A History of Bizarre Injury Claims

injury_formThe legal system that exists should not be blamed for the growing culture of compensation in Britain.  Personal injury solicitors talk of claims from as far back as the 1860s have been analysed by Insurer Aviva and a bizarre series of successful claims have been found.  These claims range from head injuries that were the result of encounters with boxes of bacon and blow to the eye caused by ammonia stoppers to bites by fish and ferrets and falls that occur because of croquet hoops.

Jonathan Djanogly, Justice Minister, recently described the act of paying referral fees for personal injury litigation as providing individuals with a “perverse incentive” for making frivolous or unjustified claims.  It is the hope of the government to limit interest in compensation claims and the plan is to do so by making claimants who utilize attorneys on the basis of a “no win, no fee” arrangement be responsible for their own legal costs.

However, the Aviva research has indicated that frivolous claims were being made before any legal fee-free deals.  A personal injury solicitor, Manchester uncovered examples of blatantly frivolous and entirely self-inflicted claims earning pay-outs that would be the equivalent of thousands of pounds if paid out today.

A history of bizarre personal injury claims in Britain includes:

  • In 1904, a Belfast travelling salesman sustained minor injury from hitting his head on a pole in his attempt to watch an accident on top of a tram.  He was paid £7, a modern equivalent of £401.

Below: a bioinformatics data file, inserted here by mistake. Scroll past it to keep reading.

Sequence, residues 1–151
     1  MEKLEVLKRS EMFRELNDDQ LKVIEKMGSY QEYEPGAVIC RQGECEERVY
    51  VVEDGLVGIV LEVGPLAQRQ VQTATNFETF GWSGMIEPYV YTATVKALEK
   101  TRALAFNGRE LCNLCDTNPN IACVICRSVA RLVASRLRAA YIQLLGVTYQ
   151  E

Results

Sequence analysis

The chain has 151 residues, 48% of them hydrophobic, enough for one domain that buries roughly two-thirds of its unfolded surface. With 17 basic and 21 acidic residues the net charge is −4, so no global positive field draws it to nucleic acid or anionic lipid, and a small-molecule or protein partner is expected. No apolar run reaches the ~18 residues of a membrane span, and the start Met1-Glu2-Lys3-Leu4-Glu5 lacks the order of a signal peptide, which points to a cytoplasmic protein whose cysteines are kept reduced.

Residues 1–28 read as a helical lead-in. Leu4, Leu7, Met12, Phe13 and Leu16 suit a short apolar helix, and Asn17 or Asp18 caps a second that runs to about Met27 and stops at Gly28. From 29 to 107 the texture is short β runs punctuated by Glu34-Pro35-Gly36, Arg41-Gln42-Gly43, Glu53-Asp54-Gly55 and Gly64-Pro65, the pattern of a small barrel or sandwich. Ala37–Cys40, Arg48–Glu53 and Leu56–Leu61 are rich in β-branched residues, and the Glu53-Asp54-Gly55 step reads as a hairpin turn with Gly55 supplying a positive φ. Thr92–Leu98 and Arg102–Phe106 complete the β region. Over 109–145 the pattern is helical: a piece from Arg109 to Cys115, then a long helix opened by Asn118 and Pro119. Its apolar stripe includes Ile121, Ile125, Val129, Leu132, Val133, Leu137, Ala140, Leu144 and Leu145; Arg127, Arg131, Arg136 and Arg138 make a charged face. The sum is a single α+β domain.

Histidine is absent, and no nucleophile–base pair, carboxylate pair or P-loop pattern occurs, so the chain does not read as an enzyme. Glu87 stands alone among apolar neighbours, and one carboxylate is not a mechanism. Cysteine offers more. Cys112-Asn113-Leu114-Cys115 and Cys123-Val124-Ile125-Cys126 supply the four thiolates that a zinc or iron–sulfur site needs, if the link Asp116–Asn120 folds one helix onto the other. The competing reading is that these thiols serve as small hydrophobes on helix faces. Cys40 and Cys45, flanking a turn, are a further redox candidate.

• In 1878, a Lancashire grocer slipped while he was playing Blind Man’s Bluff.  He was paid £15, a modern equivalent of £724.
  • In 1892, an Essex merchant sustained an eye injury from tossing rice at a wedding.  He was paid £50, a modern equivalent of £2,994.
  • In 1886, a gale of wind blew down a Swansea artist.  He was paid £30, a modern equivalent of £1,796.
  • In 1900, a Great Yarmouth shipbuilder swallowed a fish bone.  He was paid £1,000, a modern equivalent of £57,000.
  • In 1878, a Handsworth, Birmingham innkeeper inadvertently ingested a poisonous potion instead of a sleeping medicine.  He was paid £1,000, a modern equivalent of £48,310.
  • In 1885, a Dublin pharmacist slipped on the steps of a Turkish bath.  He was paid £33, a modern equivalent of £1,594.

moneyMany current claims farmers that promote the “no win, no fee” policy target individuals who have had accidents in supermarkets, in fact there is a website that is called mysupermarketaccident.com.  However, even that is not a new development.  A bank clerk who slipped on an orange peel in 1900 was compensated £156, a modern equivalent of £8,901.

Interestingly, one of the longest-standing customers of the insurer never submitted a claim.  When he was 21 years old in 1896, Winston Churchill purchased a personal accident policy.  The policy remained active until he died in 1965 and he never requested a single penny as compensation.

About the author: Robert Park is a director of Sedgwick Legal, the personal injury solicitors Manchester, who have been providing first class legal advice and support for almost 50 years, still acting for clients who first enlisted their help all those years ago. Robert is well respected within the legal industry and also enjoys blogging, football and has an interest in history.